Participant motivators in research

Posted on by Leslie Gelling in Recruitment and retention, Research

Research without research participants would be like jam sandwiches without peanut butter; it simply wouldn’t work.  So why is so little thought given to the motivators for people choosing to accept or decline an invitation to participate in research?  What are the motivators?  Being armed with such knowledge might help researchers to maximise recruitment.

Motivators can be broadly separated into altruistic and personal factors.  When asked why they agreed to participate in a clinical trial, research has indicated that many participants place great emphasis on their desire to help others by contributing to the development of new treatments.  Sometimes individuals will agree to participate in research knowing that they cannot possibly benefit through their participation.

Those invited to enter clinical trials are often those who are struggling with their treatment or who have exhausted treatment options.  A study medication might offer something new and, for some, it might be a last resort.  In either case, the participant is motivated to enter the study for personal reasons.  They are hoping that a) the medication works as the researchers think it might and b) that they will be randomised into a treatment arm of the study.

Another reported personal motivator is a desire to receive better treatment.  Some might hope that by entering a study they will gain access to a renowned clinical centre where more advanced treatment might be available from experts in the field.  Others might believe that entering a study, with its addition visits and extra tests, will result in them being seen more often.  In addition, the researchers, who are also often part of the clinical team, might be more interested in their care.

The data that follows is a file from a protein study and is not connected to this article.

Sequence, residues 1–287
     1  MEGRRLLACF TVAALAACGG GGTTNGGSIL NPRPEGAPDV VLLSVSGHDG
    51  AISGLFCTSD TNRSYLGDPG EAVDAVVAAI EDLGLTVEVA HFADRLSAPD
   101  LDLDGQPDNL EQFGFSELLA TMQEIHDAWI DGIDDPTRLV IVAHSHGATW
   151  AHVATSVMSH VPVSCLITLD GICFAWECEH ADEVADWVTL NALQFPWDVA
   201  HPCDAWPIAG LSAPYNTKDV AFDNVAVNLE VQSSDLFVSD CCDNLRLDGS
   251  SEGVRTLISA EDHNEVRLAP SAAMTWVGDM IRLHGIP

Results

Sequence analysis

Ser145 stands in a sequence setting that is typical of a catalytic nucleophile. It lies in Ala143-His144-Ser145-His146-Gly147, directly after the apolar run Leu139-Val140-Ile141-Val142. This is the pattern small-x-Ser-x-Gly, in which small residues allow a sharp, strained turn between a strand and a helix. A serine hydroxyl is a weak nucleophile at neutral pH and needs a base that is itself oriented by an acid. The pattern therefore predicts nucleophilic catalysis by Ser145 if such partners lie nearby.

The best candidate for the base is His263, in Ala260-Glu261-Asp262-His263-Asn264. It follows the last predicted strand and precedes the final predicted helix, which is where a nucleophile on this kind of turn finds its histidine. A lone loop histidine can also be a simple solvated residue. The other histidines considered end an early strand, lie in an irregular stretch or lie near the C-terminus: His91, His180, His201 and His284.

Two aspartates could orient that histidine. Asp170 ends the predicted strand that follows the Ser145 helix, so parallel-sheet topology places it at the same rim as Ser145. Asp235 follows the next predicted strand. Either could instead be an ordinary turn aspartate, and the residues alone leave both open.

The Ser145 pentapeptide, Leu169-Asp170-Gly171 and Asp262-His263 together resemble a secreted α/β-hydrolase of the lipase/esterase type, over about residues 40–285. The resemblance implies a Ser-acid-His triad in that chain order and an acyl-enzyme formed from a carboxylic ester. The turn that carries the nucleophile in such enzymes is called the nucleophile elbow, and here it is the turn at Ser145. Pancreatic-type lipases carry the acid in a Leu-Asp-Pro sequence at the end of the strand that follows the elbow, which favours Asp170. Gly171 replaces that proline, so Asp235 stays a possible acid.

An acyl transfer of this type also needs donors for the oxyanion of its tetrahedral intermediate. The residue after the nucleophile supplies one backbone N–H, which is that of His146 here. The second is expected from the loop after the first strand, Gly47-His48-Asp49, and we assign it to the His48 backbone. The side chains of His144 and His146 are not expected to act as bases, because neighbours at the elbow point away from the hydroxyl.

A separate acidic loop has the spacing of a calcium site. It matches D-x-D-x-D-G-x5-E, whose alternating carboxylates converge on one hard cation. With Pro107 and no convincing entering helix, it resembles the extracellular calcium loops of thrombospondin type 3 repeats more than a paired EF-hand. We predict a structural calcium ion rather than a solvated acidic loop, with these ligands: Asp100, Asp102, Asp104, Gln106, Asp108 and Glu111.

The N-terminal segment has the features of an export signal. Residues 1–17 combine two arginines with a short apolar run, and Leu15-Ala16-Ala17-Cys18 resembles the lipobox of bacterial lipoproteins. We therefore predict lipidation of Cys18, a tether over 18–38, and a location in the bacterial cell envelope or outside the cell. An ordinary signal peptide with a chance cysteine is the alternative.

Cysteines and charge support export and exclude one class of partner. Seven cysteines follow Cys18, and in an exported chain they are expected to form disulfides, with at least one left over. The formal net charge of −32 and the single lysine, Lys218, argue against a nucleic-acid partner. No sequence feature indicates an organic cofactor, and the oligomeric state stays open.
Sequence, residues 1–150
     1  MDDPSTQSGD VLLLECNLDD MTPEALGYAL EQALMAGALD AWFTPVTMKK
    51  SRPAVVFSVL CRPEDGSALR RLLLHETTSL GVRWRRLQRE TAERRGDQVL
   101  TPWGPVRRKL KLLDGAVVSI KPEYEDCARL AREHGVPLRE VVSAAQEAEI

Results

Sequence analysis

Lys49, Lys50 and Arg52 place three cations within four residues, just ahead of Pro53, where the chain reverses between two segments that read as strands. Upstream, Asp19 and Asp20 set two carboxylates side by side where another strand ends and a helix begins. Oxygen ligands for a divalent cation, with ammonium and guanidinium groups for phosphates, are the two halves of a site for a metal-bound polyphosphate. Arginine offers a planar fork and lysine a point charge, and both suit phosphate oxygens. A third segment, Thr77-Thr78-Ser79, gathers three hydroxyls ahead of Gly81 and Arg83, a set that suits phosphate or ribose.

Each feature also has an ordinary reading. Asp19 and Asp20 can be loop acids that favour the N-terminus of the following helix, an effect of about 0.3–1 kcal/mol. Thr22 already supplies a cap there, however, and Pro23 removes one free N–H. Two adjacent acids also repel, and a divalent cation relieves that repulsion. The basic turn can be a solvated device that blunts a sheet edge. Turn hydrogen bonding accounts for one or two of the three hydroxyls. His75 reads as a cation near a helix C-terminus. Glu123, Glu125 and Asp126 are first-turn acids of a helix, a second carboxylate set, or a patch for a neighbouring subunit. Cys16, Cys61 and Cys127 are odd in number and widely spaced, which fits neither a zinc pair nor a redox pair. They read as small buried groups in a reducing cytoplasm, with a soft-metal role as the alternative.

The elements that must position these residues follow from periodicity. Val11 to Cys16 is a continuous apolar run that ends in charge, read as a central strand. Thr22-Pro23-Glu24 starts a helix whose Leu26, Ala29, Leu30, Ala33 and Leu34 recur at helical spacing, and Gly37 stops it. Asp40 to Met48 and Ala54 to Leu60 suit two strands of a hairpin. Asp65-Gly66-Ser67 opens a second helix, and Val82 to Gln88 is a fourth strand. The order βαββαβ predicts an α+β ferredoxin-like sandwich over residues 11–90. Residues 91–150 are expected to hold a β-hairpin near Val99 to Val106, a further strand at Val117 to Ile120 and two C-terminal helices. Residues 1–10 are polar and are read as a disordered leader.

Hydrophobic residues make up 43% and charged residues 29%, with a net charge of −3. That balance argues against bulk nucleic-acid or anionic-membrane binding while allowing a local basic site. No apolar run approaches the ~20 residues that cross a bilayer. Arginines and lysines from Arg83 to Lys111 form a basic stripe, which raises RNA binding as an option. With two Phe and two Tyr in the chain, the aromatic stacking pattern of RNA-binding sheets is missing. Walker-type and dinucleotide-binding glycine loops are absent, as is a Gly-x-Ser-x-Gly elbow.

So there is a balance between altruistic motivators and personal motivators but it is important that we recognise some of the possible flaws in research of this kind.  Most people would agree that we should help others but there is a danger that knowing this might influence someone’s response when asked about their motivators for entering a clinical trial.  The respondent thinks they know the right answer and doesn’t want to appear selfish by focusing on the personal motivators.

Anonymising responses, as many have done, might allow respondents to give an honest opinion?  This, however, could only work if the individuals had not already convinced themselves that they were entering the research for altruistic reasons.  The real test would be to invite participants into a trial where there might be potential for personal benefit but once consented they are informed that no-one in the study will receive the new treatment.  Would they still feel so motivated to continue their participation in the trial?

Understanding what motivates people to enter clinical trials is complex and is likely to be different for different people.  This is why it is so important that great care is taken in ensuring, as far as is possible, that those invited to participate in clinical trials are entering the research for the right reasons.  Unfortunately, it might not always be clear what the individual motivators might be.

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